Old 01-25-2003, 07:24 PM
TBone2 TBone2 is offline
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Quote:
Originally posted by tomndebb
Because the NRA has not registered with the government to be a 501(c) non-profit organization. This is probably due to the fact that they are explicitly an organization to champion legislative activity (or the lack of it). Even religious groups that engage in active political campaigns or lobbying are prevented from filing as non-profit organizations.
Ooooo.... a bit on the simplistic side there.

The NRA was certainly not founded as a political organization. And in large part, the NRA is today a "non-profit" organization. Its lobbying branch, NRA-ILA, is most definitely a political animal, and it's true that large chunks of the NRA's money is expended through NRA-ILA. And it's also true that the ILA activities are those prominently reported in the media. (When was the last time you saw Eddie Eagle on NBC Nightly News?) But to characterize the NRA as being "explicitly an organization to champion legislative activity" falls wide of the mark.

Your blanket characterization applies MUCH more accurately to Debaser's example, Jesse Jackson. He and every facet of his organization(s) engage in purely political activities, specifically toward advancing a liberal socialist agenda. It's difficult for me to imagine that anything the man has ever touched could be tax-exempt.
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  #12  
Old 01-25-2003, 09:21 PM
Wendell Wagner Wendell Wagner is offline
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Jesse Jackson isn't a socialist. Several years ago, he and his son (of the same name) wrote a book pushing the idea of investment for blacks. Clearly not socialist stuff. He may be more biased toward government spending than you are, but he's not a socialist.
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  #13  
Old 01-25-2003, 10:49 PM
TBone2 TBone2 is offline
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I won't engage in a brogan-wetting match over the word 'socialist.' My point was that practically nothing Jackson(s) does, including his preaching, is without political aim. Thus, [b]tomndebb[/i]'s characterization is more accurately applied to JJ than to the NRA.
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  #14  
Old 01-25-2003, 11:07 PM
TBone2 TBone2 is offline
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Hey, am I good with those tags, or what?
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  #15  
Old 01-25-2003, 11:18 PM
tomndebb tomndebb is offline
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Quote:
My point was that practically nothing Jackson(s) does, including his preaching, is without political aim. Thus, tomndebb's characterization is more accurately applied to JJ than to the NRA.
I'm not quite sure why you're trying to turn this into a debate. The NRA is not, itself, a 501(c) non-profit, so it seems that they have no issue with my statements. They have, indeed, done the same thing that other groups have done and established a foundation that is non-profit to handle their non-political activities. Since I am not an opponent or critic of the NRA, I'm not sure why you are taking umbrage with my factual assessment.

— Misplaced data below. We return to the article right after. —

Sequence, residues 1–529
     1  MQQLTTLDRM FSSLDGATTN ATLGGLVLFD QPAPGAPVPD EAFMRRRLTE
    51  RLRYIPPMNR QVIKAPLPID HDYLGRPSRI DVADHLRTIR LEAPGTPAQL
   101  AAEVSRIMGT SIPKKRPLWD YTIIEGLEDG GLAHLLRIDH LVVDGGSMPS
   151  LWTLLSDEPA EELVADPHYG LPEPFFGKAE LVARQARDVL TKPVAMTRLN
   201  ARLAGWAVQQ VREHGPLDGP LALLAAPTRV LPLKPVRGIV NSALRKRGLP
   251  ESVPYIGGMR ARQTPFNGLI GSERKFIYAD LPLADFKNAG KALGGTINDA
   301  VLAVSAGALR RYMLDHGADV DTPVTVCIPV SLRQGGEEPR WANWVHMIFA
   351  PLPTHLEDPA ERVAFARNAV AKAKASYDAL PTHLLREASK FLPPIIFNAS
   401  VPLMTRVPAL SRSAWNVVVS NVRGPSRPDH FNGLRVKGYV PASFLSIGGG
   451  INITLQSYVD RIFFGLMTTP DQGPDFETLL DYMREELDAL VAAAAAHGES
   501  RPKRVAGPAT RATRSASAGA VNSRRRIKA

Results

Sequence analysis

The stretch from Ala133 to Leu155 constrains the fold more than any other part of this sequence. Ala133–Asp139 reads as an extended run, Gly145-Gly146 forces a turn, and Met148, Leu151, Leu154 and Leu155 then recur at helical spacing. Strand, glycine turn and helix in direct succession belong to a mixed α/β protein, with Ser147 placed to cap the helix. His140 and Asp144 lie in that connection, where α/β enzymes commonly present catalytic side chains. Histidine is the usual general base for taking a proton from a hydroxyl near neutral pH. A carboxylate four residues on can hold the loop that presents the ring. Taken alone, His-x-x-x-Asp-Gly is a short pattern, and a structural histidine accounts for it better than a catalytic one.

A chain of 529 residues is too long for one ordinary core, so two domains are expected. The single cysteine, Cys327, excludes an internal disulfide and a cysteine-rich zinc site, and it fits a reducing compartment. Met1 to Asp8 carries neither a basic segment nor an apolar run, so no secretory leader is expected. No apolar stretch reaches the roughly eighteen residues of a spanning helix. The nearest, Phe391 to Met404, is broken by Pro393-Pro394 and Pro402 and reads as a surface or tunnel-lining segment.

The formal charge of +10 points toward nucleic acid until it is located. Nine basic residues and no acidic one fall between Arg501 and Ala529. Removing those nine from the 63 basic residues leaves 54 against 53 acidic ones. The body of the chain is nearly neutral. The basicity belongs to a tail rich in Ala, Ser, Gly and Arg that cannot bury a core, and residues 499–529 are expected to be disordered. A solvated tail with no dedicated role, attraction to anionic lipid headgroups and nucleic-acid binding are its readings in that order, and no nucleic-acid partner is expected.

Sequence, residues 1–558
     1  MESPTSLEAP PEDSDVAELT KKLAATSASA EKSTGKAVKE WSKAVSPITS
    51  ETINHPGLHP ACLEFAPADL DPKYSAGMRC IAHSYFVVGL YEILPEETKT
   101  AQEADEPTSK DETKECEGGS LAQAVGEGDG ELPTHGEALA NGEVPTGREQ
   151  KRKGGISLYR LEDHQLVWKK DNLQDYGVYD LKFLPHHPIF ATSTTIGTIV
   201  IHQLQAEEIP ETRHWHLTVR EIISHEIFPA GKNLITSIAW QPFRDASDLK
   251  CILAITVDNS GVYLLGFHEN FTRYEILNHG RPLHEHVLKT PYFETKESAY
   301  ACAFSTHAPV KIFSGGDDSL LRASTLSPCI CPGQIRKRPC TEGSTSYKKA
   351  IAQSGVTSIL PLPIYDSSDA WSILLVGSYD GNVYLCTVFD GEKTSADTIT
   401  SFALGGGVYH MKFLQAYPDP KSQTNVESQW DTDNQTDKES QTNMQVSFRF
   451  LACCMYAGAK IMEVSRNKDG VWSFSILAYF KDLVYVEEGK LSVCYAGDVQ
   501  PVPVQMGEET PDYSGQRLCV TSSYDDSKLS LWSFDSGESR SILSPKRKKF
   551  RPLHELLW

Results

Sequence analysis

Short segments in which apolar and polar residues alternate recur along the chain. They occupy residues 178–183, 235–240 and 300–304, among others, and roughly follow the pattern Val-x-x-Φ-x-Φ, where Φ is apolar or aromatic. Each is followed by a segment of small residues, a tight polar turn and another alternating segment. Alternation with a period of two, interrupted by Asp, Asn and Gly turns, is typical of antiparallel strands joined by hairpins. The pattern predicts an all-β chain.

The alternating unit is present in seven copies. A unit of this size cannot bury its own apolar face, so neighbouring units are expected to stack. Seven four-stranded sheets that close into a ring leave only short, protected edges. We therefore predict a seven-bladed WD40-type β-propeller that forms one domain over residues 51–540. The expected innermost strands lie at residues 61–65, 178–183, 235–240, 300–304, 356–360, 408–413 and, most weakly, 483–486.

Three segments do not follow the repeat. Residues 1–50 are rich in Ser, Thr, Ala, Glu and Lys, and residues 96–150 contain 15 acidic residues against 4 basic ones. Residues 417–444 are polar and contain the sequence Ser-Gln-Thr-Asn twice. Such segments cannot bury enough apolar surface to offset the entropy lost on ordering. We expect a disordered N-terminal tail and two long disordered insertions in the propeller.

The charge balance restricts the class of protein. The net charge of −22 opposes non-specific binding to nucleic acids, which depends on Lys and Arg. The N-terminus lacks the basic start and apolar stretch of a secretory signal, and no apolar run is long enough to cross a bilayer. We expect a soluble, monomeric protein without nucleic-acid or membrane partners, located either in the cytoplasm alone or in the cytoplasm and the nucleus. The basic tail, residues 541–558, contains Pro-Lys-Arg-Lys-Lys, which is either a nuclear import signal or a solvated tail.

Similarly, responding to Debaser's comments regarding Dr. Jackson, I noted that "I suspect that they have separate corporations to engage in non-profit activities and political campaignng." In point of fact, it appears that they recognize that they are basically a political outfit as I can find no indication that Rainbow Coalition/PUSH even has an auxiliary 501(c) non-profit corporation, so they are certaily not engaging in duplicitous practices. Thus, I have neither defended Jackson inappropriately nor spoken calumny against the NRA. Perhaps we might leave unsupported charges against both other posters and public figures out of GQ?
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  #16  
Old 01-25-2003, 11:55 PM
TBone2 TBone2 is offline
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Tom, I'm no more interested in turning this thread into a debate than you are. I cringed a bit when I read your depiction of the NRA as "explicitly an organization to champion legislative activity (or the lack of it)." As I pointed out, the NRA was certainly not founded as a political organization; rather, it has found itself thrust into that role over the past few decades essentially by default. Today, parts of the NRA are indeed engaged solely in political activity. But your description, without any qualification, is no better than what I'd expect from Tom Brokaw or the New York Times.

And it was Debaser's suggestion that Jesse Jackson's machinations are tax-exempt, not mine. The very idea struck me as ludicrous, and I said so. If it mollifies, I'll say that your blanket characterization of the NRA applies to Jackson equally. How's that?